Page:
1948 Mochet Type K
Sold For $35,650Inclusive of applicable buyer's fee.
An unconventional, rare, and fully restored early Type K with angular bodywork, an optional top, and delightful wooden doors.
Manufacturer: Charles Mochet
Origin: Puteaux, France
Motor: Zurcher 1-cyl., 2-stroke
Displacement: 125 cc
Power: 3.5 horsepower
Length: 7 ft. 11 in.
Identification No. 1560
Georges Mochet successfully passed through the dark days of the Occupation. He had produced an ideal vehicle for the time, the pedal-operated Velocar, which restored to a downtrodden population the pride and dignity of owning a vehicle with four wheels. Pre-war, small companies like V.E.L. were fitting small proprietary motors like the 80-cubic centimeter Stanley to Mochet’s Velocars. These low-power motors often still required the passenger to jump out to help push on hills. The Velocar continued to sell after the war, but it was clear that the times were changing, and a proper factory-designed and installed motor was needed in the product range, hence the Type H.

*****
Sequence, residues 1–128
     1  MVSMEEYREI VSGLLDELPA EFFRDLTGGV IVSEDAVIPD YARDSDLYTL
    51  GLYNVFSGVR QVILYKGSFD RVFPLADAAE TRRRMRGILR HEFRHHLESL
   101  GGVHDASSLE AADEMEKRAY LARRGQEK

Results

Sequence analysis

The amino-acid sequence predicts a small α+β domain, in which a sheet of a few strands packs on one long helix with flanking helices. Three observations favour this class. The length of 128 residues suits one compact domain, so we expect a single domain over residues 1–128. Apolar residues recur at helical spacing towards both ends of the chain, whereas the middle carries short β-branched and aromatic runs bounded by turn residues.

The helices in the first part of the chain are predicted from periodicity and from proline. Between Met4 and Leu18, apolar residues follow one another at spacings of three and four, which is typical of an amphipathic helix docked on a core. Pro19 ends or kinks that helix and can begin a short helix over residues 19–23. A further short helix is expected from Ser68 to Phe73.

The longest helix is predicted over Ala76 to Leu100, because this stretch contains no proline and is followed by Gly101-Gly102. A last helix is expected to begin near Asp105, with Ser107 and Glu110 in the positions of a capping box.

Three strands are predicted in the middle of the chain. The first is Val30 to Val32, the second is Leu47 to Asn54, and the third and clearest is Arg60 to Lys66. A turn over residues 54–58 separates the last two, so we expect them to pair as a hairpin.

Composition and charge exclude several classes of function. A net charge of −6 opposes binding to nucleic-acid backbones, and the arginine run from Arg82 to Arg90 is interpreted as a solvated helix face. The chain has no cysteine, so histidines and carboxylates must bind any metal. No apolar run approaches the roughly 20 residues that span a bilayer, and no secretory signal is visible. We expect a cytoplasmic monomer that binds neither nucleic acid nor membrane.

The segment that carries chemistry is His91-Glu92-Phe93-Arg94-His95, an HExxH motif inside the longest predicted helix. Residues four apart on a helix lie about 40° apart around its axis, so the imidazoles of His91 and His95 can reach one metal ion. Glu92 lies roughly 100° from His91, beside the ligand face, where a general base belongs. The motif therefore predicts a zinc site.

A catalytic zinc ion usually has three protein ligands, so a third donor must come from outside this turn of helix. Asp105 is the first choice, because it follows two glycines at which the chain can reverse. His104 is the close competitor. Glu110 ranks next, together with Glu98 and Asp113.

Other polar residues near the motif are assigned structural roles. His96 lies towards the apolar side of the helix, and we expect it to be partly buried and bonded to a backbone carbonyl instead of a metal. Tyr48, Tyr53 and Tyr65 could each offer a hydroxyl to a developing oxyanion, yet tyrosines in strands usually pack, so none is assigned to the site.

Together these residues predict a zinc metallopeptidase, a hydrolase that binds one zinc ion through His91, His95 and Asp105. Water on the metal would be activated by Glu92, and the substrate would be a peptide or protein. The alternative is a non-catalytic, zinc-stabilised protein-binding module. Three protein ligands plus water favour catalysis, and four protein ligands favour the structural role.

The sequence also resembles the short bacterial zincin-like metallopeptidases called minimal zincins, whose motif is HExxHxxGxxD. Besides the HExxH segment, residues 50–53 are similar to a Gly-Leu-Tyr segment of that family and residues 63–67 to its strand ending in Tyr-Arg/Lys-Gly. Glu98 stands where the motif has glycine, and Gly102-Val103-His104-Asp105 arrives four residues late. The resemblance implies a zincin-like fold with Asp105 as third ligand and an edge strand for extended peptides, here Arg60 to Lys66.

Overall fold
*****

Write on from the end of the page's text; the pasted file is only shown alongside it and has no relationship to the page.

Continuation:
There was a myriad of small car manufacturers “having a go” at making a small car. Some were experienced at design and production, some less so. Aerocarene, Alamagny, Ardex, Boitel, Dolo, Dommartin, Julien, New Map, and Rovin all showed much smaller cars than the smallest offerings of the large producers, like Simca or Renault, already at the 1947 Salon. It was clear that Mochet’s minimalist vision would need to be adjusted to fit into this new landscape.
So Georges set about reinventing his wooden Type H to produce his very first automobile, the all-steel Type K. It was also the first Mochet without pedals. The motor was upgraded to a 125-cubic centimeter version of the Zurcher, which used a separate three-speed gearbox. The chassis remained the same, with no front suspension and external contracting band-brakes on the rear wheels. He stuck to his principles of the minimum amount of work required to shape his body panels, and the result was a startling explosion of creased and folded flat panels in a multitude of triangular shapes in different sizes. The windshield was supported by the triangular buttresses characteristic of this type. With not a curve in sight, there was nothing else like it.
Clearly, his unconventional approach to body construction was not appreciated by all, and the Type K soon acquired more rounded, shaped panels, which prefigured the CM. This car is a fully and professionally restored example of the rare, early Type K, featuring a luxurious pair of fender-mounted headlamps, where most Ks made do with a single “Cyclops” lamp. The top was an optional extra, and the car is graced by a wonderful pair of angular wooden doors, which underline the artisanal approach to car ownership characteristic of the times.